If you use “thick libertarian” and “thin libertarian” to refer to individuals, you’re misunderstanding the terms. All libertarians are thin libertarians, and all libertarians are thick libertarians. Thin libertarianism is just the thin core that all libertarians agree on in so far as they’re libertarians, thick libertarianism is the additional beliefs that we add onto those in order to have a more full understanding of libertarianism. The view that only the “thin” aspects matter is itself a “thick” view, since the “thin” aspects don’t directly entail that.
So, the right question to discuss is not “thin libertarianism vs. thick libertarianism” (especially since the two depend on each other), but 1. “is it possible to have libertarianism without thickness, and if so, does this mean thickness is not actually relevant to libertarianism-per-se?” and 2. “what is the correct thickness orientation?”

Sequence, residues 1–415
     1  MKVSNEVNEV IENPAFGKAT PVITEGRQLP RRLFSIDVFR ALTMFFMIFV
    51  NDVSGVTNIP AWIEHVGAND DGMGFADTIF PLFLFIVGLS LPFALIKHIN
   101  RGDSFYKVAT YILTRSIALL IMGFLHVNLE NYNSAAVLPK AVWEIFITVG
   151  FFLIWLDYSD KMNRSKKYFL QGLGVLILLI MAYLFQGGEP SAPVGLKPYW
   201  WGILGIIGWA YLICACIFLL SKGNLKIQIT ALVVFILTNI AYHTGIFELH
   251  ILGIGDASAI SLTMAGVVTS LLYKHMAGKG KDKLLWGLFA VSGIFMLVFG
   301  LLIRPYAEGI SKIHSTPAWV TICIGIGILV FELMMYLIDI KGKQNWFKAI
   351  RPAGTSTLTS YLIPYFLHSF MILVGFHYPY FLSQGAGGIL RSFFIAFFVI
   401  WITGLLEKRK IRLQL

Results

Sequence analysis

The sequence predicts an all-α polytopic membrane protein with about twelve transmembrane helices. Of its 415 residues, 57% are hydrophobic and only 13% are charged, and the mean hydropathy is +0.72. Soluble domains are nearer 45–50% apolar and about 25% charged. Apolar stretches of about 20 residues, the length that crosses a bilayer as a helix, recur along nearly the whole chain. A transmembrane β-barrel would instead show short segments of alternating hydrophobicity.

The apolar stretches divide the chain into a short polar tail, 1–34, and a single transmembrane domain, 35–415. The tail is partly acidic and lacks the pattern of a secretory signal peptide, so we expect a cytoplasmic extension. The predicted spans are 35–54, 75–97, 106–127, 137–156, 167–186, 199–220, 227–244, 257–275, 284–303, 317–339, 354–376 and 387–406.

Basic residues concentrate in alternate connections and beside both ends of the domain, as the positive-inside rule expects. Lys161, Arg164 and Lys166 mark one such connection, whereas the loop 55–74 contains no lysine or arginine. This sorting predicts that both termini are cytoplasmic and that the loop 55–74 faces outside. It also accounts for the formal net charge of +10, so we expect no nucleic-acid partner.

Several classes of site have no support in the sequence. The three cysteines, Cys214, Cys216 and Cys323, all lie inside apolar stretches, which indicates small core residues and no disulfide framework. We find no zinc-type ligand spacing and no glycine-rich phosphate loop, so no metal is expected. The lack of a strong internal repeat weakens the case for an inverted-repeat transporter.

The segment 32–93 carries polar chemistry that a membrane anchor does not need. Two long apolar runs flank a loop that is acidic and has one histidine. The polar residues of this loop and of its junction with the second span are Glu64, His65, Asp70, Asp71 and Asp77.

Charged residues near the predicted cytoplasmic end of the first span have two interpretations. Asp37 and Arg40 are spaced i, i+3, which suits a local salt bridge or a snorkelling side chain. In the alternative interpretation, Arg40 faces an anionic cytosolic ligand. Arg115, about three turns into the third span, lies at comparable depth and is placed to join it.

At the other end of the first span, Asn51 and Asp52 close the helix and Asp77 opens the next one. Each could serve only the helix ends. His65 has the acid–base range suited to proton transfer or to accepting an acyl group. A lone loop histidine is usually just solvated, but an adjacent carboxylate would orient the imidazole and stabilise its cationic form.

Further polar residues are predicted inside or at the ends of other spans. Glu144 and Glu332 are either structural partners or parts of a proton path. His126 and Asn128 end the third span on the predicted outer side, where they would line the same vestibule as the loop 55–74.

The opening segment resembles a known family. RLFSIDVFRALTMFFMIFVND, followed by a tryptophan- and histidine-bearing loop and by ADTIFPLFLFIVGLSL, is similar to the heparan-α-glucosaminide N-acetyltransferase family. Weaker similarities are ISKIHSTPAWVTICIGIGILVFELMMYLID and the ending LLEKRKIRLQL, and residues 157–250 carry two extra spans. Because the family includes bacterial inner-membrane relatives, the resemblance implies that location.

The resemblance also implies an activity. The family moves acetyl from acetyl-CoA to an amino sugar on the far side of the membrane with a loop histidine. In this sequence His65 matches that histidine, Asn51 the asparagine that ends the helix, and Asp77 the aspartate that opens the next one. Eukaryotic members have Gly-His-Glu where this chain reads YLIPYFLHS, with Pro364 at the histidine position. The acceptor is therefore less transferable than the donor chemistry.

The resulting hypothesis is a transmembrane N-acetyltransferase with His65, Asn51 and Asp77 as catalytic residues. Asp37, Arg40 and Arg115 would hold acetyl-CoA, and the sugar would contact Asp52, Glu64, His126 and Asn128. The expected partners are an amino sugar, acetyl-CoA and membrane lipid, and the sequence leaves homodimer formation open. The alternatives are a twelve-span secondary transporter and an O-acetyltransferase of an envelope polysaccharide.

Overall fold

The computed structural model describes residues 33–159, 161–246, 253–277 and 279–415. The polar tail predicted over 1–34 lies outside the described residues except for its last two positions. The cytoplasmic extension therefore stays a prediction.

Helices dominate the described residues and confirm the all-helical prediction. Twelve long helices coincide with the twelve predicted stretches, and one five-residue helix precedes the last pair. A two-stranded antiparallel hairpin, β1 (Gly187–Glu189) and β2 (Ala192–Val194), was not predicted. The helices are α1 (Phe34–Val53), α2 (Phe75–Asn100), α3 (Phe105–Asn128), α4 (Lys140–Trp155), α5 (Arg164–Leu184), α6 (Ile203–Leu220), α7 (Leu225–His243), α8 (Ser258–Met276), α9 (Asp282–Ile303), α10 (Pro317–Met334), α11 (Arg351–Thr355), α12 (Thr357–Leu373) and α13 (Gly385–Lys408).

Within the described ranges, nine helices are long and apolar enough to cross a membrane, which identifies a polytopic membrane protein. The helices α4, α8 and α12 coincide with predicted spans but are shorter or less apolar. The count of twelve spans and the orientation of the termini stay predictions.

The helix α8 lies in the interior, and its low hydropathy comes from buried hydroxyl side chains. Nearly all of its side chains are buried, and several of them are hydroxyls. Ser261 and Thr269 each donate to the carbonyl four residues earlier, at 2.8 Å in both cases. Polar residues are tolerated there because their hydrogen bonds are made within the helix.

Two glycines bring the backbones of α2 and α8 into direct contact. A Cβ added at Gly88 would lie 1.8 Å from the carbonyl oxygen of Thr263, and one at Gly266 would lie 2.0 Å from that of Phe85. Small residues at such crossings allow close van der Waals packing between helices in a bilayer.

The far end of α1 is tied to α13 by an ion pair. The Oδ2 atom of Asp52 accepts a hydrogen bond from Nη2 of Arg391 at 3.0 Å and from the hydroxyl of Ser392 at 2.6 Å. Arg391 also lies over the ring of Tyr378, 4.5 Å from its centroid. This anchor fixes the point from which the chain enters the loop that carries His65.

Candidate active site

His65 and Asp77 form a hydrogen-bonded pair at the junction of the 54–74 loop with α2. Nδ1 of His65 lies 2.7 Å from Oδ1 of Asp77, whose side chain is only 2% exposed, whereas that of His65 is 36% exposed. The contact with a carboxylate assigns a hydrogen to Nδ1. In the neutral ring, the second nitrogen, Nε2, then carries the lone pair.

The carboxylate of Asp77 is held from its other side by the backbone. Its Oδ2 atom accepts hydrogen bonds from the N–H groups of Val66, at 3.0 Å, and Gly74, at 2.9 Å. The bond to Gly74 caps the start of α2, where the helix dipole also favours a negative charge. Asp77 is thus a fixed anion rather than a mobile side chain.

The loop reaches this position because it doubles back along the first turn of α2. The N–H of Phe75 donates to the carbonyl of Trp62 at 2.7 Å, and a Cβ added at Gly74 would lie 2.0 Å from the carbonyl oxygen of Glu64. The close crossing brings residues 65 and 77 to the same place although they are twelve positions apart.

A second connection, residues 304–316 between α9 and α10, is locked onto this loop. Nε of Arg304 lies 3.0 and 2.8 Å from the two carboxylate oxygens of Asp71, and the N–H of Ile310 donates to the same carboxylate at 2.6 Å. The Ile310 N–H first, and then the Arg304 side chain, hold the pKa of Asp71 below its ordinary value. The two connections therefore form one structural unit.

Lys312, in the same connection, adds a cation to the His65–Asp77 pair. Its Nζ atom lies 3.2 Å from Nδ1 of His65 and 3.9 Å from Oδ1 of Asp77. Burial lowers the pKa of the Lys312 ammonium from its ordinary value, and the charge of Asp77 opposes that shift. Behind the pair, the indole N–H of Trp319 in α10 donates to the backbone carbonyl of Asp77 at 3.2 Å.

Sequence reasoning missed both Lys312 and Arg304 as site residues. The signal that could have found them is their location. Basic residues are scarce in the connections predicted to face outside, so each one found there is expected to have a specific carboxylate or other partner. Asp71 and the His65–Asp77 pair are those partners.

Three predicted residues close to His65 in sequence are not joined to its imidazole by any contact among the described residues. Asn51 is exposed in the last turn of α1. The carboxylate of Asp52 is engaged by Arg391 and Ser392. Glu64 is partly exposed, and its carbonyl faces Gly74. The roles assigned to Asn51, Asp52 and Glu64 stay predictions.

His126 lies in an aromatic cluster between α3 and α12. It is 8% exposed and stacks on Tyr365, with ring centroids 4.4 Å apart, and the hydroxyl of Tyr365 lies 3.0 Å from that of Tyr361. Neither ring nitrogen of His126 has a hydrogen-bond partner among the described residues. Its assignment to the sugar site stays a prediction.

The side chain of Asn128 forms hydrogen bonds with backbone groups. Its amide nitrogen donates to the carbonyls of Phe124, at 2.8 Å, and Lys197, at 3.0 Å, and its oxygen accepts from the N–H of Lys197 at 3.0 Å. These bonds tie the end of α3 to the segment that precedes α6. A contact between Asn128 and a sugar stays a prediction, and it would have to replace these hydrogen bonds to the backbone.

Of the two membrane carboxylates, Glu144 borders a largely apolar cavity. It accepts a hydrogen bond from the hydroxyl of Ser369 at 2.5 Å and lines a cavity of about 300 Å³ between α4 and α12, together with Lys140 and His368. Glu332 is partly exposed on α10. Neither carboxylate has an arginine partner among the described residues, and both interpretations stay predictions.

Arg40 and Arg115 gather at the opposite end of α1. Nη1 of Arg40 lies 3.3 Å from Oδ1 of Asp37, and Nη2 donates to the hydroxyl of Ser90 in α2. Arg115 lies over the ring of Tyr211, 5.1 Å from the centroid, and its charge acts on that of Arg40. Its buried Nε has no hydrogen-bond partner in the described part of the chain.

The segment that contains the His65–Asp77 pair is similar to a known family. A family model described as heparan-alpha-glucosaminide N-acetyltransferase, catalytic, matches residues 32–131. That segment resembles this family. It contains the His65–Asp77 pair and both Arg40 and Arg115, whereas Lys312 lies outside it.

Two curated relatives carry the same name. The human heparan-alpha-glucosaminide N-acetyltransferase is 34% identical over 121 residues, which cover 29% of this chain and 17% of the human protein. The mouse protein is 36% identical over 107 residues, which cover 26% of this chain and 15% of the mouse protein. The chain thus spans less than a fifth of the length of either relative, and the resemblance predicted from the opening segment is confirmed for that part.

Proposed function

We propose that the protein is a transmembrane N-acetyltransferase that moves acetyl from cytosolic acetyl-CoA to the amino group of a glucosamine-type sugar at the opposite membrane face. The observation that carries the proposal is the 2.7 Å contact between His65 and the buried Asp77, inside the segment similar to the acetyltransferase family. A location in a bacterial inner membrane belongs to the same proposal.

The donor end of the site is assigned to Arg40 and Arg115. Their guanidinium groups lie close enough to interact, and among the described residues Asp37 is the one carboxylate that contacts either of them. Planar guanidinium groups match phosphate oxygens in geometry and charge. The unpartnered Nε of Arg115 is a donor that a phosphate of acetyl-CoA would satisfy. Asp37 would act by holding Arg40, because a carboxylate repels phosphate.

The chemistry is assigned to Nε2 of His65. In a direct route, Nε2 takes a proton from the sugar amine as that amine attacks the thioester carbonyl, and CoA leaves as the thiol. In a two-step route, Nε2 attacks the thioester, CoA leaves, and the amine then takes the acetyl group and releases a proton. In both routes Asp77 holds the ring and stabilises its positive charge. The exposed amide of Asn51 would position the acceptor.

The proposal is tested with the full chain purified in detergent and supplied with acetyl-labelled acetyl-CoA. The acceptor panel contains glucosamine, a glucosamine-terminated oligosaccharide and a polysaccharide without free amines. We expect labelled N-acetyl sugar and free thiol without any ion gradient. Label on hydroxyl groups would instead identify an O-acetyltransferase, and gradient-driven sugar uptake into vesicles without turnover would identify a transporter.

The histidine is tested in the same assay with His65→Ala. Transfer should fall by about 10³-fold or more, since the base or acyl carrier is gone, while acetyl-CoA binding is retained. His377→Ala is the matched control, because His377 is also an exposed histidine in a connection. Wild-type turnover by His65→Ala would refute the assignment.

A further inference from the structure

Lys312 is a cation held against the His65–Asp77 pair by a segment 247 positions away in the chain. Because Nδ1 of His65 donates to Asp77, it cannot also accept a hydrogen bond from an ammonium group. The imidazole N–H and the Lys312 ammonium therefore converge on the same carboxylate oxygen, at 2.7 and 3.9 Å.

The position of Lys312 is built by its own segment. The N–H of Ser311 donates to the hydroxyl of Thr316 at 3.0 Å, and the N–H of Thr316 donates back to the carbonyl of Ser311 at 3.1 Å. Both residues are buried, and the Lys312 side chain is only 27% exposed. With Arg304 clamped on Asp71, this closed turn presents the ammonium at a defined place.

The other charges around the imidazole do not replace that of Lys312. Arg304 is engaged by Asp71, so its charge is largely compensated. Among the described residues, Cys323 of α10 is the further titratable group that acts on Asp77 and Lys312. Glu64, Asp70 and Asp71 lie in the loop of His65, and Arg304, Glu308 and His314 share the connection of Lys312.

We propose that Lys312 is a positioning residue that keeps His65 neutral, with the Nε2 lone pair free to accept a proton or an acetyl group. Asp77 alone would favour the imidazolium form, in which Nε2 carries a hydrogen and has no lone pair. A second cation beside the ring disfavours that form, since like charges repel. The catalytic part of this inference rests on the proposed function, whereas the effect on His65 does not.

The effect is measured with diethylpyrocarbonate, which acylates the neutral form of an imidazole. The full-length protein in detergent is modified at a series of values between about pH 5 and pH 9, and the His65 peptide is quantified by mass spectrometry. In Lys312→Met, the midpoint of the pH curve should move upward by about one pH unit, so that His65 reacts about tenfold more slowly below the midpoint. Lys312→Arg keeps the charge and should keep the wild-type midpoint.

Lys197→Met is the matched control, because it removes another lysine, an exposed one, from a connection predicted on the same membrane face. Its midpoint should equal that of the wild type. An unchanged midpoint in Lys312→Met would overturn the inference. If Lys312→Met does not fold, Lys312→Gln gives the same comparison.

Also, another reason why thick libertarianism is conceptually necessary is that extra-NAP beliefs are necessary in order to apply non-aggression. Questions like animal rights and the details of children’s rights can’t be answered by literally only referencing the NAP by itself, so in order to determine whether or not a given action taken against a child or animal is a rights-violation, you have to have a thicker conception of libertarianism.